After sentence was passed in the case convicting George and Andrew Brown of murder in the second degree in the cause of Mrs. Elizabeth Morrow, the punishment for which was fixed by the jury at thrity years in the penitentiary, the defense filed a motion for a new trial in the McClain case on behalf of George and Andrew Brown, and a similar motion on behalf of Andrew Brown in the Rat Morrow case. The motion was overruled in both cases and appeals were taken. Pending the notion of the court of appeals, sentence was passed on the criminals in the case of Mrs. Elizabeth Morrow, and the convicts taken to Huntsville and placed in the penitentiary to serve out the thirty years term. Subsequently the court acted on the McClain case, affirming the judgement of the lower court, but the appeal of Andrew Brown, in the Rat Morrow case, is still pending. On the oder of the district judge, and by advice of hte attorney general, the prisoners were taken out of the penitentiary and brought to Denton to receive the death sentence in accordance with the mandates of hte court of appeals. After sentence, the last effort of their attorney was for a commutation of the sentence from death to penitentiary for life, based upon the facts that the condemned young men were deluded and beguiled by the quasi-military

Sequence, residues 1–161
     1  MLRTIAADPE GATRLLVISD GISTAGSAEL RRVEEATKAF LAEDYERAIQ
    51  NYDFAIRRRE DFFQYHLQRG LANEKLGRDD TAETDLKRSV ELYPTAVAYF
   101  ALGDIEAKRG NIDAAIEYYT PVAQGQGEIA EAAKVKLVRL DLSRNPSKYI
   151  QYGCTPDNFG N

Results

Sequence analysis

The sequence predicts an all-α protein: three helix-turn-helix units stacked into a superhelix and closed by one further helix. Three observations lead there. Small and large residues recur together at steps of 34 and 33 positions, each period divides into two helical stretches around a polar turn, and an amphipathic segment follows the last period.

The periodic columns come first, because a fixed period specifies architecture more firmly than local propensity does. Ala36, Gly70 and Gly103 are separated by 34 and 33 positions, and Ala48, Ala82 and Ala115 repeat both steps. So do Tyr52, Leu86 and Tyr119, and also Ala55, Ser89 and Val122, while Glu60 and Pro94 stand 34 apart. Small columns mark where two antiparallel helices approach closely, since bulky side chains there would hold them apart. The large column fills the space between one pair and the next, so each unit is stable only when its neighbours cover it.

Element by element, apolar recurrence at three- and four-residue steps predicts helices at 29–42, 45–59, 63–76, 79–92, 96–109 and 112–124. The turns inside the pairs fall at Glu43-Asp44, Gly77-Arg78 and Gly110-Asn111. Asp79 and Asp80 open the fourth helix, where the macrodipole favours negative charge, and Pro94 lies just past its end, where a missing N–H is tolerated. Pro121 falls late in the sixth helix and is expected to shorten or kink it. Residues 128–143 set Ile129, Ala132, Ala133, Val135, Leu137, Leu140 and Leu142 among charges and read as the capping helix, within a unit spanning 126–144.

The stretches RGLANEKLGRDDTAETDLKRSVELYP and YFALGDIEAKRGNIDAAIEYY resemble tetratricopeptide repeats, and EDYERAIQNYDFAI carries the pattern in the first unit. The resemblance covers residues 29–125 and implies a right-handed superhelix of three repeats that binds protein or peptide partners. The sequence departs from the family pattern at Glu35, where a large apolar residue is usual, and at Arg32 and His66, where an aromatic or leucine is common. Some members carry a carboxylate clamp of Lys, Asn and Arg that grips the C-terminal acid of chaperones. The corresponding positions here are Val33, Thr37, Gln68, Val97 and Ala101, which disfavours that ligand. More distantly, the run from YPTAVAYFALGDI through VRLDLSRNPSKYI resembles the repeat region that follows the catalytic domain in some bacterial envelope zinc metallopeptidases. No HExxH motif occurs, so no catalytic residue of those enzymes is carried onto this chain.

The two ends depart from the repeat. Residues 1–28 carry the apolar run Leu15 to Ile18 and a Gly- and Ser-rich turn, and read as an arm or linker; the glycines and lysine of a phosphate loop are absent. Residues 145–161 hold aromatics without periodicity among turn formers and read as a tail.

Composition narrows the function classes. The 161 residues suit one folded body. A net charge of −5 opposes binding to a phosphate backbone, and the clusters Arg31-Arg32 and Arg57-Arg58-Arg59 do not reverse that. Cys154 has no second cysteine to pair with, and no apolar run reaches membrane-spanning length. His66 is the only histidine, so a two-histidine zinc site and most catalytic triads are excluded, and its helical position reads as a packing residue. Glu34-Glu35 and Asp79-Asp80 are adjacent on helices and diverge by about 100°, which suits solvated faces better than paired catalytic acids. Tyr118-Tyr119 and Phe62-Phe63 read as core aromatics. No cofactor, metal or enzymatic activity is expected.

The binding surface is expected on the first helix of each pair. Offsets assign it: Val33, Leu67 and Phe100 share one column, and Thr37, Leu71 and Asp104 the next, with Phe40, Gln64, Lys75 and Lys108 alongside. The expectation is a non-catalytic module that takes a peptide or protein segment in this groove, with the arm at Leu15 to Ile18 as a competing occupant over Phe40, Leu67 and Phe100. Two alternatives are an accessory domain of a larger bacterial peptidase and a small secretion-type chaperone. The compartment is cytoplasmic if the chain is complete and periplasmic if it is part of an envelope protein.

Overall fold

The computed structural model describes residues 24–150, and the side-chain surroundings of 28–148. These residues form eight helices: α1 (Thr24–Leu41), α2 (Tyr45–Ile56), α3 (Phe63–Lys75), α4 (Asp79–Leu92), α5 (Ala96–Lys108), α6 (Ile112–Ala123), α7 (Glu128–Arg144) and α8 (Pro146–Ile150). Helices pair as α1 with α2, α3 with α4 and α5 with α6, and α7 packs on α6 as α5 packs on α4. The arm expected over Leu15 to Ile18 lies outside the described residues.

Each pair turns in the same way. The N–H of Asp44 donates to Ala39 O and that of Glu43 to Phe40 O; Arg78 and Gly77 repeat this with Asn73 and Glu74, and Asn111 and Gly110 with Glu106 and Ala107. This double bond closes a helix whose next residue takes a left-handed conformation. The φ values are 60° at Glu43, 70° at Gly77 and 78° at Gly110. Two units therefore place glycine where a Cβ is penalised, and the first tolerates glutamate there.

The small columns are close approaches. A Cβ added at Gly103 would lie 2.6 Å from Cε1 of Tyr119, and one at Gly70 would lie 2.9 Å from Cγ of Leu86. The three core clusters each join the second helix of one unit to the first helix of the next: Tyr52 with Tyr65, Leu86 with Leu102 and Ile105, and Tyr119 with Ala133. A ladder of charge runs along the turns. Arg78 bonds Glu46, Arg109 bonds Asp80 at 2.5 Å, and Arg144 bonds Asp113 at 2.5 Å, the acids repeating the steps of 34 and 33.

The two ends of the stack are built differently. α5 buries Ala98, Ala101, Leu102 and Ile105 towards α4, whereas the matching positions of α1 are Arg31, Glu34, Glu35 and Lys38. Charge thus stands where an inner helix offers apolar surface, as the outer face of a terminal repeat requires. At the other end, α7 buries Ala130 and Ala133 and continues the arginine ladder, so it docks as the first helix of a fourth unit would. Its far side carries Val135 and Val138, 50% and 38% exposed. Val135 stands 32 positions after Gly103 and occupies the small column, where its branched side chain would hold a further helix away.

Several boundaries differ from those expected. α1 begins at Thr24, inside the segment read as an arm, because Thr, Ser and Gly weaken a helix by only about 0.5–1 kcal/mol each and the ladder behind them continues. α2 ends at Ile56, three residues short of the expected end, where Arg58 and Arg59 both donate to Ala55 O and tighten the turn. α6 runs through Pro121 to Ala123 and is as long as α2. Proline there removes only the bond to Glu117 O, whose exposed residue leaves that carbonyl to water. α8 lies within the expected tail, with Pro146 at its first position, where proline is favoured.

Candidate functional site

into their organization and thence into the several deeds of bloody murder with which they are charged; that hey had been in the penitentiary, under a plea of guilt of murder in the second degree, where they were serving a thirty years term when the death sentence was passed on them; that the jury that returned the verdict against them, joined in a petition ????????? the law had left it discretionary ?????????? they would have fixed the ?????? imprisonment for life; that the officers and authorities of the state prison at Huntsville, where these criminals have recently been confined, also forwarded strong recommendations for commutation, based upon the good behavior of these prisoners and that the citizens of Montague, Cooke, Grayson and Denton counties, after viewing the circumstances of the killing, petitioned for executive clemency.

These petitions were signed by some eight hundred citizens of Montague county, said to be representative men; some five hundred citizens of Cooke and Grayson counties, and about the same number of citizens of Denton county., including the officers of the county, excepting the prosecuting attorney, the members of the bar generally, and Miss Callie Forester and a number of ladies of Denton, who are noted at their homes for acts of kindness and charity, and their exemplary religious and moral bearing. These petitions were left with Gov. Roberts by Mr. M. Fulton, the indefatigable attorney of the defendants, who called the attention of the executive to all of the points. The governor took the matter under advisement, promising to telegraph the result, and the attorney left without encouragement. The response came on the day indicated, and with its perusal perished the last, earthly hope of the criminals.